Monday, September 14, 2009
My strangest gig so far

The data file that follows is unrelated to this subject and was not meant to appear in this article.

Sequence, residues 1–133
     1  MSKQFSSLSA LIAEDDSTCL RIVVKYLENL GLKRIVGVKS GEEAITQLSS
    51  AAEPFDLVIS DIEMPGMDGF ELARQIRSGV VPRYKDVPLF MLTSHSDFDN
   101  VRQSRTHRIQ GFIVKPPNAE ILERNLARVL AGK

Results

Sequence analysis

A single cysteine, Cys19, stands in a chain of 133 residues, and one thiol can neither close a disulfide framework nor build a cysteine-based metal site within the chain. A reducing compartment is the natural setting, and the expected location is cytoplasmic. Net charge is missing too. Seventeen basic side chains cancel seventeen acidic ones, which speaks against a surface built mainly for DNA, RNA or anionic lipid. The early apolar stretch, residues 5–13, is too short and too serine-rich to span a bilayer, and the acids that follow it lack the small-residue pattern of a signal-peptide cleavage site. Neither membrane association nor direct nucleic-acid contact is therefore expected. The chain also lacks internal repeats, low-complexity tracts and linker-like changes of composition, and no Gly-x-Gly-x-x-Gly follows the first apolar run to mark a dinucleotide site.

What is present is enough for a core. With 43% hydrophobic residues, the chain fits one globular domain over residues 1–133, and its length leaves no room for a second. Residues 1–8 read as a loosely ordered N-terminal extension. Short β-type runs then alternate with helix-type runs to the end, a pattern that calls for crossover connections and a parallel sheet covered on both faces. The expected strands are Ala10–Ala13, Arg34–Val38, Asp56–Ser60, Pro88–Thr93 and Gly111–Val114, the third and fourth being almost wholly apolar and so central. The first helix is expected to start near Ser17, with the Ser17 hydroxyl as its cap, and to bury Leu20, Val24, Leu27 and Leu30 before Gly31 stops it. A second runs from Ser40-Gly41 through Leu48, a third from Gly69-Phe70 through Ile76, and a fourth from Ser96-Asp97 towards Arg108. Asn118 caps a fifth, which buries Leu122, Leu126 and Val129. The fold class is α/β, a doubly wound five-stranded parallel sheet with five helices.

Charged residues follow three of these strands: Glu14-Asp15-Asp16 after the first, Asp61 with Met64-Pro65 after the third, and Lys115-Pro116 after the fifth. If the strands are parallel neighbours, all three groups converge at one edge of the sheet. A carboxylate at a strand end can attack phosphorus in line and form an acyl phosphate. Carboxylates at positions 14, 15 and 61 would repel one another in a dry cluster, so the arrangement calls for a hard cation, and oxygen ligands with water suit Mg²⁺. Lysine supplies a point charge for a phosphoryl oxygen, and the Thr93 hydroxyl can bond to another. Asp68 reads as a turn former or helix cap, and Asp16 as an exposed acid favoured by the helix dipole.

Tonight I went back to the club ran at the bar of the Theatre Royal in Stratford. It's a gig completely different from any other I know: the bar is huge, the night is free and people sit at the tables drinking, eating and often chatting, so you really need to fight for attention. The demographic is very young, very black and very very noisy, with laughter alternated not with the usual silence but with cheers or shouts of protest, American-style. Well, I had the strangest problem ever: I did very few jokes because people were laughing too much and didn't let me continue! It didn't feel as right as you might expect, though, it wasn't exciting or rewarding but felt actually very scary. I guess what made it so scary was the lack of control I was experiencing, the fact that I was getting a different and a bigger reaction from what I had bargained for. Sometimes they were even laughing at the set-ups, so if was clear that the balance between "laughing with" and "laughing at" this time was definitively screwed in favour of the second. I guess it was the opposite of a laugh of recognition: the vision of a geeky, bespectacled, grey-haired Italian with the strongest Italian accent attempting comedy in the most demographically unlikely of places was probably already enough. But fortunately there was a moment when I felt I managed to turn the tables and take control. The MC had done some jokes about Nigerians doing announcements on the tube, so I did my "learning English from the tube announcements" routine adding this time that "the problem with that method is that you pick up a Nigerian accent". That brought the house down, it was probably the biggest laugh I ever had. Now that I think of it, it's as if I inconsciously realised that I was "laughed at" for being so incongrous with the environment and I reacted by turning that very experience into its comical opposite. After the gig, many people came to shake my hand and congratulate me, so I should definitively be very happy and proud of it, but I'm also still perturbed by the experience. It showed me a side of comedy I had never experienced so clearly before. And I wonder if I like that side and, if I do, what that says about me. As Nietzsche famously wrote: "when you look into the abyss, the abyss also looks into you".